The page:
Even if a person were to wake up in a state of janaabah or if a woman had completed her menstrual cycle before the time of Fajr, then they should first partake in the sahoor and fast, thereby delaying their ghusl until after the time of Fajr had entered.

There are some people who are prompt in taking the sahoor and remain awake most of the night eating, whereupon they go to sleep a few hours before the time of Fajr. Due to this, the people have committed a number of errors:

Firstly: Because they have started to fast before the legislated time;

Secondly: They abandon the Fajr prayer in congregation (in the masjid) and thereby commit a sin by leaving that which is more obligatory upon them, that being the congregational prayer;

Thirdly: It is quite possible they delay performing the Fajr prayer by not performing it until after sunrise. And this is extremely dangerous and more sinful, as Allaah (Subhaanahu wa Ta'aala) says:

{So woe unto those performers of Salaah (prayers) (hypocrites). Who delay their Salaah (prayer) from their stated fixed times}, [Soorah al-Maa'oon, Aayah's 4-5]

It is imperative to make the intention for the obligatory fast during the night prior to the fast. So if he were to make the intention and did not wake up until after the Fajr prayer, then he is required to abstain from all that breaks the fast and as such his fast is correct and complete, inshaa.-Allaah.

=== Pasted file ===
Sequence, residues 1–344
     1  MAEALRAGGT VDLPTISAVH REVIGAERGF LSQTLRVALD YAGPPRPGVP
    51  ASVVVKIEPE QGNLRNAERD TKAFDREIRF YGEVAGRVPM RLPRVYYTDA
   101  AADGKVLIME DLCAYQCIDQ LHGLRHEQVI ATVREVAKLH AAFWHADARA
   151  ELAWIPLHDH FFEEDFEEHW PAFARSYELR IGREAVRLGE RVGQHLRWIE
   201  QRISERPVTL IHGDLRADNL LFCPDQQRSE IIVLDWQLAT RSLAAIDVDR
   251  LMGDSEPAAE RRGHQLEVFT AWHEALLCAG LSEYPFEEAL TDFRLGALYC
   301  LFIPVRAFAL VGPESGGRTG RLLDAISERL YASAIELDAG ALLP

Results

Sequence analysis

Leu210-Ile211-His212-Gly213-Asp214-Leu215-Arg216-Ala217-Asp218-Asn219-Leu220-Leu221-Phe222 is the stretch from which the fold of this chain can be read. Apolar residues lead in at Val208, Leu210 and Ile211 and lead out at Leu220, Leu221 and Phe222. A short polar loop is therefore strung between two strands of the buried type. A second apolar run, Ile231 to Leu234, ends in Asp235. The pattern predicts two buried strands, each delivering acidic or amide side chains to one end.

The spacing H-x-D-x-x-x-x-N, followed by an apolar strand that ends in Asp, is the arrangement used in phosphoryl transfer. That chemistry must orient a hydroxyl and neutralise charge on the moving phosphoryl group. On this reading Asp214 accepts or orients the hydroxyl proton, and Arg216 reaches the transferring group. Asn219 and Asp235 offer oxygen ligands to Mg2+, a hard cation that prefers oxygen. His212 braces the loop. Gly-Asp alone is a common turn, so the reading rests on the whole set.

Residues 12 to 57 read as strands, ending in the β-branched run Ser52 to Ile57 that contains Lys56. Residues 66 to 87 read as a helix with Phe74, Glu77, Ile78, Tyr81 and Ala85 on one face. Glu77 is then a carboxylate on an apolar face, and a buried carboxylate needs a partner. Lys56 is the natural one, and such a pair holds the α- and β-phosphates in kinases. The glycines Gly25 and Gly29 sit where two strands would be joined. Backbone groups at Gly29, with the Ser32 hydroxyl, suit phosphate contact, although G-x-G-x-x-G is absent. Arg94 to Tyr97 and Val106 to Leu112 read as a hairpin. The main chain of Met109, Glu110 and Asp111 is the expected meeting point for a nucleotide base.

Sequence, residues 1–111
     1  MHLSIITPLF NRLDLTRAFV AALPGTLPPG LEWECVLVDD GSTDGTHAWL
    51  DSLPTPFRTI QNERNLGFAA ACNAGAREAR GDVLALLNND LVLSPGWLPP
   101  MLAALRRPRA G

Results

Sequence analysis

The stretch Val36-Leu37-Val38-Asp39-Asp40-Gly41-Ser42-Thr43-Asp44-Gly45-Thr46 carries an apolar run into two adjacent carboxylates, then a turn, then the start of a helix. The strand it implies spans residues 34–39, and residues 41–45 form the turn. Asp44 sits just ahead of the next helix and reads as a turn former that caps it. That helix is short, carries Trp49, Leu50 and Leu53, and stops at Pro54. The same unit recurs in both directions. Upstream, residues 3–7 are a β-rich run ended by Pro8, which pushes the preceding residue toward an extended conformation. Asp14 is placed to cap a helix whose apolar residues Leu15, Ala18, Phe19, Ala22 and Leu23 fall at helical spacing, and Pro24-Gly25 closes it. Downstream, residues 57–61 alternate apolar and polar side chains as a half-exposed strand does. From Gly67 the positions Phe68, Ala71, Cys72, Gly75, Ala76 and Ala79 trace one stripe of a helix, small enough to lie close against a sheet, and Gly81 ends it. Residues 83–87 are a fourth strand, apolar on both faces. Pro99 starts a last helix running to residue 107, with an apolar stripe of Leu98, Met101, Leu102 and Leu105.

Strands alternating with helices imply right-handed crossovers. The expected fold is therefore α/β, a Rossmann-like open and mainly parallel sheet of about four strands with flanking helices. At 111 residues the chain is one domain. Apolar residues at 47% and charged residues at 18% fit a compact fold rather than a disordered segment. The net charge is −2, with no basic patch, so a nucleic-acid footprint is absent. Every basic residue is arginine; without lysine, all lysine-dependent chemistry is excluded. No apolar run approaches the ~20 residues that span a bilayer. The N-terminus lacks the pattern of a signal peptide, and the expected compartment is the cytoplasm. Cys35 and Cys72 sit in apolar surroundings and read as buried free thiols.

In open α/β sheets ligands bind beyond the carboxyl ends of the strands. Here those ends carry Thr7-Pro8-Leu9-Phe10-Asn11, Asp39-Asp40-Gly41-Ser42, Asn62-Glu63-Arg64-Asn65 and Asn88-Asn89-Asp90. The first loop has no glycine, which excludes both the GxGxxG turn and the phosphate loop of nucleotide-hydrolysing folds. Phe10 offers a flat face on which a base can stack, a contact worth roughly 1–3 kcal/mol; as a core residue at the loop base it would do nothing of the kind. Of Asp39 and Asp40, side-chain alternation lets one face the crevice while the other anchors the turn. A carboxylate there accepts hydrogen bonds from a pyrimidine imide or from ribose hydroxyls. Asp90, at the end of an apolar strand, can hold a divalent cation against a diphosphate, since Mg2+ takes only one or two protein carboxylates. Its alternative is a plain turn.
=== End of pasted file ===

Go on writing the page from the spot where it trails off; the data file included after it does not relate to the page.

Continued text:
It is recommended to hasten to break the fast once it is confirmed the sun has set, either by witnessing it's setting or if someone trustworthy was to inform that it has set or if the adhaan for the Maghrib prayer is called or by other (trustworthy means) than this.

It has been narrated on the authority of Sahl ibn Sa'd that the Prophet (sal-Allaahu `alayhe wa sallam) said:

«The people will continue to remain in good so long as they hasten to break the fast».

It's authenticity is agreed upon by both al-Bukhaaree and Muslim.

And the Prophet (sal-Allaahu `alayhe wa sallam) narrates on behalf of his Lord (Subhaanahu wa Ta'aala), who said:

«Indeed, the most beloved of my servants to me is the one who hastens to break the fast». (This is once the sun has set).

It is from the Sunnah to break the fast with fresh dates and if these are unavailable, then the dry dates. If these too are unavailable, then with water. This is based upon the saying of Anas, who said:

«The Prophet (sal-Allaahu `alayhe wa sallam) used to break his fast with fresh dates before he prayed (the Maghrib prayer). And if he did not have fresh dates, then with dry dates. And if he did not have dry dates, then he would take sips of water…»

This is transmitted by Imaam Ahmad, Abu Daawood and at-Tirmidhee.

And if one was unable to find fresh dates, dry dates or even water, then he is to break his fast with whatever is available from food and drink.

I wish to make mention of a very important issue here and that is that some people remain at the dinner table and continue to eat until they have had a full meal. As a consequence, they do not perform the Maghrib prayer with the congregation in the masjid. In doing this, they fall into a great sin since they have missed the congregational prayer and thereby forfeited much reward and as such are befitting of punishment.

That which is legislated is that the fasting person breaks his fast and then proceeds to perform the Maghrib prayer, after which he returns to have his full and proper meal.

At the time of breaking the fast, it is recommended to supplicate to Allaah with all that one wishes of good, because the Prophet (sal-Allaahu `alayhe wa sallam) said: